March 25, 2007

In which Joe makes himself useful (Edit: never mind)

This will be the first (and likely the only) time I will say this, but Malchow has something on his blog which it might be worth your while to read. Joe lays out some reasons why the impending RIAA letters (Dartmouth got 11, apparently) which accuse students of illegally downloading music might not be all that much of a threat.

Caveat: Please do not take this post—or Joe's—as an all-clear sign for illegal downloading—that's certainly not what I intended. I just know that some of my friends have expressed great anxiety about these letters, and I wanted to pass this information along to help ease the tension. However, two good comments to this post have pointed out reasons why Joe's read of the situation might be severely off. At any rate, I strongly recommend that all Dartmouth students follow Dean Nelson's advice regarding music sharing/music downloading.

5 comments:

  1. predictably, he's just talking out his ass- as he says in the update, schools are REQUIRED (not allowed) to keep detailed DHCP logs of what computer connects when from where using what address connecting to what address. joe's thesis at this point is that they can ascertain what computer had the IP at the time the file was downloaded but they can't trace that back to a name.

    they'd be pretty fucking stupid if they couldn't do that. i'm not even an IT guy, but here's a way i just thought of: if i download an illegal file from a certain IP, and you get my computer name (let's say connorcomp or something) and connorcomp's DHCP history posts 13 connections from the library's wireless router, 17 from the hop's wireless router, and 5,438 from Lord Hall Basement 08's RJ45 port, do you think that gives them a head start on maybe where to look for me?

    the updater on joe's site is wrong; my buddy rashid has a friend at Harvard who got sued, said fuck the settlement, fought it, and ended up paying out $11,000.

    the moral of the story here is that these people will figure out how to fuck you if you stay complacent (i.e., if you're still using soulseek or limewire, it is time to retire that shit in a hurry)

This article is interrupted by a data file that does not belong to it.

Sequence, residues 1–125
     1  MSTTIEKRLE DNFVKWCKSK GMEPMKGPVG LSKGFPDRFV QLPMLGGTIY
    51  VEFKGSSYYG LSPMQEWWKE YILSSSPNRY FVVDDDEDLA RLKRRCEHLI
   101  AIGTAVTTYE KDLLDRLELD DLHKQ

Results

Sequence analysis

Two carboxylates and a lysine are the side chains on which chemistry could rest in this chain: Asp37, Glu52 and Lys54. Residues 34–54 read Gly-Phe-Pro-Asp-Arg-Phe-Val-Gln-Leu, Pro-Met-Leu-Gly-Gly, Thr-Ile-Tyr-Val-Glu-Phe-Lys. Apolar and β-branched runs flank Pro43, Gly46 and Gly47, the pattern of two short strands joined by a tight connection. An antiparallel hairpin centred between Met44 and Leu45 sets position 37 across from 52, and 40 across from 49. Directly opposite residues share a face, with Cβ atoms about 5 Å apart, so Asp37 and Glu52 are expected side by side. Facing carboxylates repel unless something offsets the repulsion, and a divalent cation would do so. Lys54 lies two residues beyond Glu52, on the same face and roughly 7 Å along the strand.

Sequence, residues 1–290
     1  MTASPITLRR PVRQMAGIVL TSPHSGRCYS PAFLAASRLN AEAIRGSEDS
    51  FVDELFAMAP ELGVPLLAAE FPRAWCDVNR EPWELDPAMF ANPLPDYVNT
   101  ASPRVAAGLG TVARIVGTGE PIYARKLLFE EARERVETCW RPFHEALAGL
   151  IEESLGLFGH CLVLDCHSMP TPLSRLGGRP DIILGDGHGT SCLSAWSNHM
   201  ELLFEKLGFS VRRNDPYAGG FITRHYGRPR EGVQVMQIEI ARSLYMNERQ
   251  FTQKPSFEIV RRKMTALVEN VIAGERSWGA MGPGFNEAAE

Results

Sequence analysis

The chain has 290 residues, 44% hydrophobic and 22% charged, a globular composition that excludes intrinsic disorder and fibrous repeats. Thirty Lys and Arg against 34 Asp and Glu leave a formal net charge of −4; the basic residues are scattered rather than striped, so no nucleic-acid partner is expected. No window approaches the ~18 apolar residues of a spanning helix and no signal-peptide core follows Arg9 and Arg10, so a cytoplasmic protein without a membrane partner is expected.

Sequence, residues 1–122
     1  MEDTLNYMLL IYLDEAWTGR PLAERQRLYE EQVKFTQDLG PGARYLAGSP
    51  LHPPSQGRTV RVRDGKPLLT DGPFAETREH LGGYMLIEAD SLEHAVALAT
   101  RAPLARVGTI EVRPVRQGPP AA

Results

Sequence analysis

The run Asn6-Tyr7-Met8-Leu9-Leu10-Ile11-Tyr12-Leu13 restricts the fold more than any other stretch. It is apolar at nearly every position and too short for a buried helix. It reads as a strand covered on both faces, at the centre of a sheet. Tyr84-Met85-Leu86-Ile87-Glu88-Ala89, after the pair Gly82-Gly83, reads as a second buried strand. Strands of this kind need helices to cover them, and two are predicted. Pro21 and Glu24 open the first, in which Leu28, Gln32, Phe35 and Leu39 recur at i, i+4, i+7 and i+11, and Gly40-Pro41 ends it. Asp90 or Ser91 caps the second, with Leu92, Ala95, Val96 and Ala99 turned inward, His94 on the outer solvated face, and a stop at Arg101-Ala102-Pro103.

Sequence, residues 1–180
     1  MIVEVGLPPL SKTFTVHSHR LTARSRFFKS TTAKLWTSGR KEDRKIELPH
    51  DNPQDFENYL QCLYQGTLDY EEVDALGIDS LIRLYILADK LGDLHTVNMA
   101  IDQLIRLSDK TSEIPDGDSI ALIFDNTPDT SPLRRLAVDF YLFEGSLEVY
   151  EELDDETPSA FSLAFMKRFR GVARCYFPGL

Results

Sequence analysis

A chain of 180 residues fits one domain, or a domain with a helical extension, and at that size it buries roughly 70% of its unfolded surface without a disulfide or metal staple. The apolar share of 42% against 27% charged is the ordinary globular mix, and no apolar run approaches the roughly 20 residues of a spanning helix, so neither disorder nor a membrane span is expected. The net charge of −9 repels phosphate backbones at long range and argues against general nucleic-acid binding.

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  2. Joe Needs Comments9:08 AM

    Joe even prefaces his speculations with the warning that he's not legally trained, so I wouldn't give them too much credence.

    Why's he talking about police and violations of the law, anyway, when property rights (enforced by a private civil suit by the RIAA) are most likely at issue, not any criminal violations?

    And why does he think that the RIAA hasn't obtained the list of IPs through discovery in some other suit, rather than from its own servers? And why, even if the RIAA is serving bogus files, would he assume that they are not partial or low-quality songs, which would be a copyright violation (instead of non-violating non-songs)?

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  3. yeah, i thought the "update" was pretty telling as far as he automatically assumed the College would be using an "Orwellian" process, only to find out that the College doesn't have a choice.

    I thought this was too good to be true. Alas.

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  4. Anonymous1:18 PM

    Connor, great comment! "Pretty fucking stupid," indeed. You're an indispensable part of this site.

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  5. I'm confused. Why did Malchow even write that post? Virtually every sentence contains a factual error. Did he say to himself, "Because I'm a smart guy, I can figure out exactly how these internets work just by philosophizing real hard about them"? The post reads like a mish-mash of half-understood Associated Press dispatches, which is probably what it was when he pulled it out of his ass.

    Connor is right about the DHCP stuff. In fact, Dartmouth used to be a website where you could type in your computer's MAC address, and you'd get a log of exactly where you had been on campus. Hanover police uses the system to track down a stolen laptop from time to time.

    Another point: I'm pretty sure it is true that no one's ever been successfully prosecuted for downloading music. They've been prosecuted for *uploading* music. And most file sharing programs, by definition, share...so the distinction is primarily a legal one. Though I do find it funny that Joe doesn't bother checking a single fact in his entire post, then cites an email from an anonymous reader as absolute truth.

    It reminds me of that term when the Greens sent a fake "protest announcement" to The Review, who then turned around and reported it as fact. You kids should try that on Malchow sometime and see if he bites. Maybe a fake correction?

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